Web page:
Inspecting Postgres cluster
ldap2pg follows the explicite create / implicit drop and explicit grant /
implicit revoke model. Thus properly inspecting cluster for what you want to
drop/revoke is very crucial to succeed in synchronisation.
ldap2pg inspects databases, schemas, roles, owners and grants with SQL
queries. You can customize all these queries in the
postgres YAML section with
parameters ending with
What databases to synchronize ?¶
databases_query return the flat list of databases to manage. When dropping
ldap2pg loop the databases list to reassign objects and clean GRANTs of
to be dropped role. This databases list also narrow the scope of GRANTs
ldap2pg will revoke GRANTs only on these databases. By default,
ldap2pg lists all databases with connection allowed. This includes
postgres: databases_query: | SELECT datname FROM pg_catalog.pg_database WHERE datallowconn IS TRUE;
Synchronize a subset of roles¶
ldap2pg inspects all roles from Postgres. If you want
synchronsize only a subset of roles, you need to customize inspection query in
postgres: # Inspect only non SUPERUSER roles. managed_roles_query: | SELECT rolname FROM pg_catalog.pg_roles WHERE rolsuper IS FALSE ORDER BY 1;
ldap2pg will only drop, revoke, grant on roles returned by this query. This
whitelist also applies to members. Only members matching this list may be
removed from a group. Members not matching this list will be left in the group.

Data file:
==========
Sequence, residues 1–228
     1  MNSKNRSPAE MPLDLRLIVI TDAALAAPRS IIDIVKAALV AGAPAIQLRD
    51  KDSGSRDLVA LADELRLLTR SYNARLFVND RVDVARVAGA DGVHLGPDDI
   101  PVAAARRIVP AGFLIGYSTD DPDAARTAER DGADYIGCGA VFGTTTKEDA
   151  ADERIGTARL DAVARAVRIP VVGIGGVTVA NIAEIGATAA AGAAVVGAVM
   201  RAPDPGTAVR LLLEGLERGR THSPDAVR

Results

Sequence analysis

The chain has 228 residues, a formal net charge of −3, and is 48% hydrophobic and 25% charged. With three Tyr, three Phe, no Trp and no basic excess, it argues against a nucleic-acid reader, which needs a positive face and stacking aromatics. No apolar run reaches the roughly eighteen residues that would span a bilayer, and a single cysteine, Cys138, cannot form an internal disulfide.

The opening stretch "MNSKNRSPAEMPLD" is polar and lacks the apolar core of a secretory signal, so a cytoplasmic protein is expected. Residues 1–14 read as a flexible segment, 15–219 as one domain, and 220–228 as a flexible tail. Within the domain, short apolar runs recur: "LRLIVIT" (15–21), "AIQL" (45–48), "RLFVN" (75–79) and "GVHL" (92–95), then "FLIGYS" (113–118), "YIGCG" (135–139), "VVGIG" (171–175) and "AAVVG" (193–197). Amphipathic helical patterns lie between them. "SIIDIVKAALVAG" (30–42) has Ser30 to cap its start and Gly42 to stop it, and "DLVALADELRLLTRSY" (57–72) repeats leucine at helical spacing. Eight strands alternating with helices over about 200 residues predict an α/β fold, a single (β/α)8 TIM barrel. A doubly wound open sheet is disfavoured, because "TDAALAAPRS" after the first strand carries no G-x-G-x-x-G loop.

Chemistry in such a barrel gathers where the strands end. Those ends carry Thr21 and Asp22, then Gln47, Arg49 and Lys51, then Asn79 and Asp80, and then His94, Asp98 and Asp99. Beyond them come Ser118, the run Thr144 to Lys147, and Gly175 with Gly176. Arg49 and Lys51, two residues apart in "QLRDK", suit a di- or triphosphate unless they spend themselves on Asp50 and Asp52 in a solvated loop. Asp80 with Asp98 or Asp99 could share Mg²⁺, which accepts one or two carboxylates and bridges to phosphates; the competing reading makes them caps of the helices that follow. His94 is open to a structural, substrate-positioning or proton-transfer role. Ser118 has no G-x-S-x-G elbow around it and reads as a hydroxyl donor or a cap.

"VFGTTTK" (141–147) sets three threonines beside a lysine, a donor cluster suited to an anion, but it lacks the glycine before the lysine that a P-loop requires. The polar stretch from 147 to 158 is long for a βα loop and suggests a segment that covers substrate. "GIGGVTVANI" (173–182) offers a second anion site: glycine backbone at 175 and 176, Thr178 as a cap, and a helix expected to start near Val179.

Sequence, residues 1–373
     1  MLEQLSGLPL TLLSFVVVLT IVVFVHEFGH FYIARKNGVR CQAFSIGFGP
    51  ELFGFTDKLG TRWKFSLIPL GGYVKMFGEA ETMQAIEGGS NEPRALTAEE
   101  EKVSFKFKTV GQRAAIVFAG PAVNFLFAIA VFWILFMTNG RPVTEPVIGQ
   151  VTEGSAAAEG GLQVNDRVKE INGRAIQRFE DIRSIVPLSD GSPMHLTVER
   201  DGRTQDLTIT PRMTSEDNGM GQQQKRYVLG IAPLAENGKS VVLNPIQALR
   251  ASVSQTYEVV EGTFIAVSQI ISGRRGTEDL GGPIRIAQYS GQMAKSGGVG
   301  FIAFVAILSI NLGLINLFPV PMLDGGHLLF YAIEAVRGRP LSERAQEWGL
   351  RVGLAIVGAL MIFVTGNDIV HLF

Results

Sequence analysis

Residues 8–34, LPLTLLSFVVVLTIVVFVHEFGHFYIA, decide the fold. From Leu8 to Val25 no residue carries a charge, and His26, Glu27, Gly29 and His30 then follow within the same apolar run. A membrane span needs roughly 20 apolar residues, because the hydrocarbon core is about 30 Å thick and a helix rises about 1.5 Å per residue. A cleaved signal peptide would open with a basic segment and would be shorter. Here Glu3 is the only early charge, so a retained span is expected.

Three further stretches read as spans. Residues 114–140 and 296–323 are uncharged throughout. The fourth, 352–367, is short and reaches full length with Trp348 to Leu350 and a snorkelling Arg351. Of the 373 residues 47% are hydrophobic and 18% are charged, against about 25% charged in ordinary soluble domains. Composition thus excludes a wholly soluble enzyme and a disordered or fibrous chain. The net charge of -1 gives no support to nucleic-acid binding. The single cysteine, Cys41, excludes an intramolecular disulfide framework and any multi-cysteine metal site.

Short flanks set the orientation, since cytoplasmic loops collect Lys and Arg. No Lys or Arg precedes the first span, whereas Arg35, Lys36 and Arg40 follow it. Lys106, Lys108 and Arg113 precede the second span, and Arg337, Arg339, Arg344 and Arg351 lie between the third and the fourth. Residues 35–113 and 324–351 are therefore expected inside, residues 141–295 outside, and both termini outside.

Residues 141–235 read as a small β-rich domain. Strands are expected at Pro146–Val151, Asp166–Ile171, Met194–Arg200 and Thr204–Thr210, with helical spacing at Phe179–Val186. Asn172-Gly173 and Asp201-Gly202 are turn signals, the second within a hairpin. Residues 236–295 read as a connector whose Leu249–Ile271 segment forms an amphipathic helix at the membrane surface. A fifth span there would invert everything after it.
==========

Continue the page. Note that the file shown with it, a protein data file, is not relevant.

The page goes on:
A common case for this query is to return only members of a group like
ldap_roles. This case is tested in
ldap2pg is scoped to a subset of roles in the cluster.
A safety net to completely ignore some roles is available :
blacklist is a list of
glob patterns. Every roles matching one of
blacklist patterns will be totally ignored from roles and privileges
postgres: # This is the default. blacklist: [postgres, pg_*]
A pattern starting with a
* must be quoted. Else you’ll end up with a
YAML error like
found undefined alias.
Inspecting Schema & Owners¶
Except with database and global default privileges, almost all privileges are
schema aware. Thus
ldap2pg needs to known what schemas are in each database.
This is the purpose of
ALTER DEFAULT PRIVILEGES with
ldap2pg, you must tell who are
owners. Owners are roles supposed to create or drop objects in database such as
tables, views, functions, etc.
ldap2pg checks that every owners have proper
default privileges. This way you dont have to re-run
ldap2pg after update on
your SQL schema to grant privileges.
There is two ways of listing owners: globally or per schema. With
owners_query you can specify a global list of owners common to all databases
and all schemas. With
schemas_query you can specify owners per schema.
managed_roles whitelist applies to owners from either
Global Owners Example¶
This is the default configuration:
postgres: schemas_query: | SELECT nspname FROM pg_catalog.pg_namespace; owners_query: | SELECT role.rolname FROM pg_catalog.pg_roles AS role WHERE role.rolsuper IS TRUE;
Per-Schema Owners Example¶
In this example, each schema is associated with a
owners_% group whose name
includes schema name.
postgres: schemas_query: | SELECT nspname, array_agg(owner.rolname) FILTER (WHERE rolname IS NOT NULL) FROM pg_catalog.pg_namespace LEFT OUTER JOIN pg_catalog.pg_roles AS owners_group ON owners_group.rolname = 'owners_' || nspname LEFT OUTER JOIN pg_catalog.pg_auth_members AS ms ON ms.roleid = owners_group.oid LEFT OUTER JOIN pg_catalog.pg_roles AS owner ON owner.oid = ms.member GROUP BY 1
You can replace all queries with a static list in YAML. This list will be used as if returned by Postgres. That’s very handy to freeze a value like databases or schemas.
postgres: databases_query: [postgres]